Back to the film, it is essentially a silent with narration, a music track, and limited sound effects added. I don't have any problem with this as the alternative would have been to fabricate intertitles which would have been even less natural. Anyway talkies were already completely dominant by 1932 and Chaplin used a sound effect track in all his later silents. The musical track is sheer magic and certainly benefits from the extra years. There is an abrupt break when the final unfilmed section is reached, before we are taken back to the Day of the Dead epilogue. Frankly, I don't think much was lost here: Eisenstein was right when he said he didn't need that last segment to finish the film. The third segment was already just a bit long, and adding the fourth (a continuation of the third) would have unbalanced the film. Hence I would have just run the third segment straight into a more somber start of the epilogue. But the way it was done does show us what was "lost", so in that sense it is valid. My only qualm with this DVD is the fact that it doesn't have Spanish subtitles, as I think all Mexicans should experience this film!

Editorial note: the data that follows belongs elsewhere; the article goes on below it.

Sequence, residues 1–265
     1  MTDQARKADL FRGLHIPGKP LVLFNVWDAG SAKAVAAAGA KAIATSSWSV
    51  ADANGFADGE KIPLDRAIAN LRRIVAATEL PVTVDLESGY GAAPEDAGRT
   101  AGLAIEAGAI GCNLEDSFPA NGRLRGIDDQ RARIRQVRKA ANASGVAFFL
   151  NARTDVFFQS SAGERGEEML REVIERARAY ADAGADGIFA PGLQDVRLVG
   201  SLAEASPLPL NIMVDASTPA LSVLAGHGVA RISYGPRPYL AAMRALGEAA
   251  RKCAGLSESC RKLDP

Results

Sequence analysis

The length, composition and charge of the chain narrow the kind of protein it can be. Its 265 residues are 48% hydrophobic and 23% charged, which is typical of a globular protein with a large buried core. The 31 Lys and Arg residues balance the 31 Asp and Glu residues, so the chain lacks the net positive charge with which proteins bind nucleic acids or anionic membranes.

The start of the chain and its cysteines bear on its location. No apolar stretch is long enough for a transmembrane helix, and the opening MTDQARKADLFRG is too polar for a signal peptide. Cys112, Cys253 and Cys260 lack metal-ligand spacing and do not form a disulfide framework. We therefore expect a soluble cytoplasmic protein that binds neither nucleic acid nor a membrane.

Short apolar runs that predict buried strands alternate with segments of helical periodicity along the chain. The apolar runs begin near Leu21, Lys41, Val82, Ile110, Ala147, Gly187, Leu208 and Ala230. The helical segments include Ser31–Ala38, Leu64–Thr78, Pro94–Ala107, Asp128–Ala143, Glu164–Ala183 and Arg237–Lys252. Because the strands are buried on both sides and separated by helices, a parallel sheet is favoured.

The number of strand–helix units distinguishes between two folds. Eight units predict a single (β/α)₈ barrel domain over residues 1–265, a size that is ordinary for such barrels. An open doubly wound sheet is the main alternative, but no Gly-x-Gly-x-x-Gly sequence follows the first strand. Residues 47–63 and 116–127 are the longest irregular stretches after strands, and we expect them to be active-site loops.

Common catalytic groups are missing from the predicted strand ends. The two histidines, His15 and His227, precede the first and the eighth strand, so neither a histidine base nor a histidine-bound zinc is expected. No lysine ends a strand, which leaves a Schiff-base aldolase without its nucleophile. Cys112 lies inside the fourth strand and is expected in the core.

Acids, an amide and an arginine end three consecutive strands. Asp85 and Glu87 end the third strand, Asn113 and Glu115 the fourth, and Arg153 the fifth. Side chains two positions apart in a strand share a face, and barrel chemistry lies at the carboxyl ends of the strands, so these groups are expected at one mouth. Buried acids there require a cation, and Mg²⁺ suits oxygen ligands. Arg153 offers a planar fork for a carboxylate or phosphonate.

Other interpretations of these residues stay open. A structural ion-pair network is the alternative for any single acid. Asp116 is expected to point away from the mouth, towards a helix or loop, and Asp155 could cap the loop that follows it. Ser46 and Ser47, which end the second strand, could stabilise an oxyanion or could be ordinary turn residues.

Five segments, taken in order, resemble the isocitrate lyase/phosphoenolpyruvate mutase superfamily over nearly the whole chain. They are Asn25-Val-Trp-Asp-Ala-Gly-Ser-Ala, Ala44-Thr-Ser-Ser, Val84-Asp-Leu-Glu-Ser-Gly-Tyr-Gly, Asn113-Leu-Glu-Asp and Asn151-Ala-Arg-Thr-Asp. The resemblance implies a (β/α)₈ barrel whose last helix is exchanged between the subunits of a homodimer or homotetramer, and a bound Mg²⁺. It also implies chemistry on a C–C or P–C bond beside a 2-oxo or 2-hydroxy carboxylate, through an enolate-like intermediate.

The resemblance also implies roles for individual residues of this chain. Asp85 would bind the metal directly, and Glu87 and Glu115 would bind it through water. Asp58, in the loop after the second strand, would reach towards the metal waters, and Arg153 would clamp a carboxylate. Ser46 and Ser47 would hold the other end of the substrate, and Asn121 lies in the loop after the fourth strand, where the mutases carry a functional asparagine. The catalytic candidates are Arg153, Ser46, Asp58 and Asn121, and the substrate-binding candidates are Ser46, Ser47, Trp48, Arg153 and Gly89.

One last thing: the 1946 epoca dorada classic Enamorada by famed Mexican director Emilio Fernandez could be seen as a sort of tribute film to Eisenstein and Que Viva Mexico, as it basically fills out a story based on the sodadera lost segment of this film.
The Mexico We'll Never See Again!
Lewis T. Pace, Jr. | Queretaro, Mexico | 06/30/2000
(5 out of 5 stars)
"I was introduced to Eisenstein in college (Radio/TV/Film), but saw the film (Russian soundtrack -- Spanish subtitles) while living in Mexico. Eisenstein's gift to us is two-fold. First, the sheer artistry of his images. Second, and even more important to me, the images themselves were drawn from a Mexico that no longer exists. Maguey plants so tall that a man can "STAND" on a leaf more than 20 feet above the ground to get a better shot at his enemy! Young girls preparing for a wedding in the Yucatan -- wearing only grass skirts as they paddle dugout canoes from hut to hut built on stilts above the water. The people are timeless. The rural Mexican is an Aztec who politely condescends to speak Spanish. You see that in every face on which the camera rests.The film was assembled by the original cameraman, working with the master's original shooting script (with editing instructions in Eisenstein's own handwriting in the margins).Obviously "pieced" together as a compendium of what was meant to be several films, these vignettes are truly a classic treasure!"